Goodman doesn't like the Senate's proposed tax, either. He'd rather give everyone the same lump sum tax credit for core health insurance, as John McCain proposed when he was running for president, and let people use their taxed income to buy more insurance if they chose.
"The big mistake that Obama made in all of this is not explaining that we have a big mess on our hands and we ought to solve it in a way that, as much as possible, treats everybody the same," Goodman says.
One of the arguments for the Cadillac tax is that companies would spend their money to pay higher wages instead of providing rich benefits. Or so the thinking goes.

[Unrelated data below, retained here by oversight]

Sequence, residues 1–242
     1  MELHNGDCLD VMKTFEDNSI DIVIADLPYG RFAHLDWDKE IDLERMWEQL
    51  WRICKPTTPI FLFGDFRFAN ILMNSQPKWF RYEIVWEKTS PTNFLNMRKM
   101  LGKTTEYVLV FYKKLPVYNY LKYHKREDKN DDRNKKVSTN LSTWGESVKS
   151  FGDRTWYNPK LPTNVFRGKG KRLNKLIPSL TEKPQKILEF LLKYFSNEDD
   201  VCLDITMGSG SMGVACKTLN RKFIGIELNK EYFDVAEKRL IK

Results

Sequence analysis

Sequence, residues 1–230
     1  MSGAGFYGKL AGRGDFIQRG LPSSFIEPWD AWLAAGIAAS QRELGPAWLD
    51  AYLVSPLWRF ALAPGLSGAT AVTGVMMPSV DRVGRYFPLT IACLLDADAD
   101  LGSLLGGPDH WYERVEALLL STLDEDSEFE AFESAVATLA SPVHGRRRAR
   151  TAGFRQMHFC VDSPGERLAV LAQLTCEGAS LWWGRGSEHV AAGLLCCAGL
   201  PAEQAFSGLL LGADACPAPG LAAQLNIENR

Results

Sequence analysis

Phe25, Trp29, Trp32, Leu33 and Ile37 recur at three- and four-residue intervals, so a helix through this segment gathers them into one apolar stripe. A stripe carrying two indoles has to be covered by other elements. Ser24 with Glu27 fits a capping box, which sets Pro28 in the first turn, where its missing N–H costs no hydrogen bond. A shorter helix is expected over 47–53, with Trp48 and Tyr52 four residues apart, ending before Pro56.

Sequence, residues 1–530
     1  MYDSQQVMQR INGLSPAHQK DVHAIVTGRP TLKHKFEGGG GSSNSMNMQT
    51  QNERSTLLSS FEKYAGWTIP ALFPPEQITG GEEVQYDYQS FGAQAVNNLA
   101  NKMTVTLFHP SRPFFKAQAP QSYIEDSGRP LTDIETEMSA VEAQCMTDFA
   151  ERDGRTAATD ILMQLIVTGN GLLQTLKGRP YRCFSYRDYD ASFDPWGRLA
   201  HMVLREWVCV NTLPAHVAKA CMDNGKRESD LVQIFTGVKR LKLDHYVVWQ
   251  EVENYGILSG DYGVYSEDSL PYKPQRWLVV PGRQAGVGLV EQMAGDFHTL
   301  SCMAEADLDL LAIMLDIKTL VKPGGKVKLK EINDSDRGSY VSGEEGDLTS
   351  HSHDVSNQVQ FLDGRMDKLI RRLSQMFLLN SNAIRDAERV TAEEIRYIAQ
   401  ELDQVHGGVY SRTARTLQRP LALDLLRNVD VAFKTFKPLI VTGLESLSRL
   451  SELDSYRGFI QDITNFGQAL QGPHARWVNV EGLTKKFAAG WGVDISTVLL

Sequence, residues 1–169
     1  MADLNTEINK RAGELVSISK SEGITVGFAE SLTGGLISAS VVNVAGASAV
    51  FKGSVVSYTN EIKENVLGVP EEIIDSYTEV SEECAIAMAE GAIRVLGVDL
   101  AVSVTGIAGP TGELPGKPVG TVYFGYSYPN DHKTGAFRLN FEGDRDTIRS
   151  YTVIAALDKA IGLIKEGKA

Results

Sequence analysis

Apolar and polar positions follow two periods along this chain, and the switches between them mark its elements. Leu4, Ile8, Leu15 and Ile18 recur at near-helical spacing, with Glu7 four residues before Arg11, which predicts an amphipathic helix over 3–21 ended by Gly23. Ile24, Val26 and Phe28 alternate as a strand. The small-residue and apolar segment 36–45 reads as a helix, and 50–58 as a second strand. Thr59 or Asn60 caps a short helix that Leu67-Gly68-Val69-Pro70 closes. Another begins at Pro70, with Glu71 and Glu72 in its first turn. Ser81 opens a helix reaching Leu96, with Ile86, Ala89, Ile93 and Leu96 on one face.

"The notion that there will be a corresponding increase in wages? You walk into a teachers' lounge or a break room in a factory and say that, you get laughed out of there. Maybe they'd chase you out of there," says Rep. Joe Courtney, D-Conn.
The House bill includes a 5.4 percent tax on individuals making more than $500,000 and families making more than $1 million. Courtney says that's the fair way to pay for reform.
"This is a slice of American society that has gotten a very good ride over the past 10 years," Courtney said.
Higher health insurance premiums in the Northeast have made many of Courtney's constituents potentially subject to the Cadillac tax. The Senate Finance proposal adjusts for some regional differences, but the adjustment is "feeble" and expires too soon, Courtney said. And he doesn't think a higher threshold for firefighters and others in risky jobs is high enough.